University of Jyväskylä

Dissertation: 20.4.2018 M.Sc. Akseli Mansikkamäki (Facul­ty of Mat­hema­tics and Science, Chemistry)

Start date: Apr 20, 2018 12:00 PM

End date: Apr 20, 2018 03:00 PM

Location: Ylistönrinne, KEM4

M.Sc. Akseli Mansikkamäki defends his doctoral dissertation in Chemistry "Theoretical and Computational Studies of Mag­netic Anisotropy and Exchange Coupling in Molecular Systems". Opponent Professor Juha Vaara (University of Oulu) and Custos Professor Heikki Tuononen (University of Jyväskylä). The doctoral dissertation is held in English.

Akseli MansikkamäkiM.Sc. Akseli Mansikkamäki defends his doctoral dissertation in Chemistry "Theoretical and Computational Studies of Mag­netic Anisotropy and Exchange Coupling in Molecular Systems". Opponent Professor Juha Vaara (University of Oulu) and Custos Professor Heikki Tuononen (University of Jyväskylä). The doctoral dissertation is held in English.

Abstract: The field of molecular magnetism studies the magnetic properties of molecular systems as opposed to conventional metal-based magnets. The high chemical modifiability of the constituting molecules makes such materials highly versatile, and the small size of the building blocks leads to the rise of various quantum mechanical phenomena, such as tunneling and entanglement. These phenomena can then be further utilized in the construction of nanoscale quantum devices.

This dissertation describes computational and theoretical studies in the field of molecular magnetism using state-of-the-art quantum chemical methods based on ab initio multireference approaches and broken symmetry density functional theory. Of the eight papers included in this work, the first three describe the experimental and computational characterization of magnetic interactions between organic radicals, transition metal ions, and lanthanide ions. The next paper introduces an approach to design ferromagnetically coupled organic radical dimers, which can be used in the construction of magnets consisting of purely organic molecules. This theory can also be extended to the design of organo-main-group radical systems and ferromagnetically coupled metal–radical complexes. The following three papers focus on the study of magnetic anisotropy in mono- and polymetallic Dy(III) coordination complexes. The last paper develops a theoretical model for the description of anisotropic spin-dependent delocalization and applies this model to study the magnetic interactions in excited states of bilanthanide endohedral metallo-fullerenes. In all cases where computational tools are applied to experimentally characterized systems, the computations offer more insight into the electronic structure and chemical properties of the systems, giving rise to the various macroscopically observed magnetic phenomena than what could be obtained by experimental tools only. The results contribute to our understanding of magnetically interesting molecular systems and suggest new research directions in the field.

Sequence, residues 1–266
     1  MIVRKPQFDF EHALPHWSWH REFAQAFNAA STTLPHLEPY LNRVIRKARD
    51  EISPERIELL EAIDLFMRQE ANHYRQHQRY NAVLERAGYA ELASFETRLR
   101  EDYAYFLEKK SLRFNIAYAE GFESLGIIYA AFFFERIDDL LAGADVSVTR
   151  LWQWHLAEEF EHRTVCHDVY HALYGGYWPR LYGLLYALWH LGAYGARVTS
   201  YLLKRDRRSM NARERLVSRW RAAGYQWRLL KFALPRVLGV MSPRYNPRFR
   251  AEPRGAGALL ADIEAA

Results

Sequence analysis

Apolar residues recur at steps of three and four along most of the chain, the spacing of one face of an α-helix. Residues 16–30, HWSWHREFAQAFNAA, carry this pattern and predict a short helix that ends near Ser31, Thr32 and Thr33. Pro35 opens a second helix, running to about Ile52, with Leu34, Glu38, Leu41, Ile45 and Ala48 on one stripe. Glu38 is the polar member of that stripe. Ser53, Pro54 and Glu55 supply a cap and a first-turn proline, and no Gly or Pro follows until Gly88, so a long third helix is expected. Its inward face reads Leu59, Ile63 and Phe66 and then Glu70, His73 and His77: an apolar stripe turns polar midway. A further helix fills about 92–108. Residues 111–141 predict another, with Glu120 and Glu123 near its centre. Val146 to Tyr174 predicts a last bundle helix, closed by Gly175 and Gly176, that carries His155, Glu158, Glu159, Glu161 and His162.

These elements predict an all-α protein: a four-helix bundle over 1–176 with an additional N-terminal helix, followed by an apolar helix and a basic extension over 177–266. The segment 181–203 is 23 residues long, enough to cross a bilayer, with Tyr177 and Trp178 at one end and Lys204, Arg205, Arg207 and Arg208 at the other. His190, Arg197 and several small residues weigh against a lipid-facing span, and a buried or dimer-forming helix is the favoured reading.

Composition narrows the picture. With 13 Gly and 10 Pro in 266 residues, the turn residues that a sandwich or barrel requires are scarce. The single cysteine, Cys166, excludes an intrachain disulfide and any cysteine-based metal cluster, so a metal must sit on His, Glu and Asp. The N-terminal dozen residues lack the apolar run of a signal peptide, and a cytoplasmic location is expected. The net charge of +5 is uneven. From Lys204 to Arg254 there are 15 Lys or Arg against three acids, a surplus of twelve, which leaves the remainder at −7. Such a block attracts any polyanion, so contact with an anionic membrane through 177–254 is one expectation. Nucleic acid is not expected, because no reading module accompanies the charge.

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Akseli Mansikkamäki
akseli.mansikkamaki@jyu.fi
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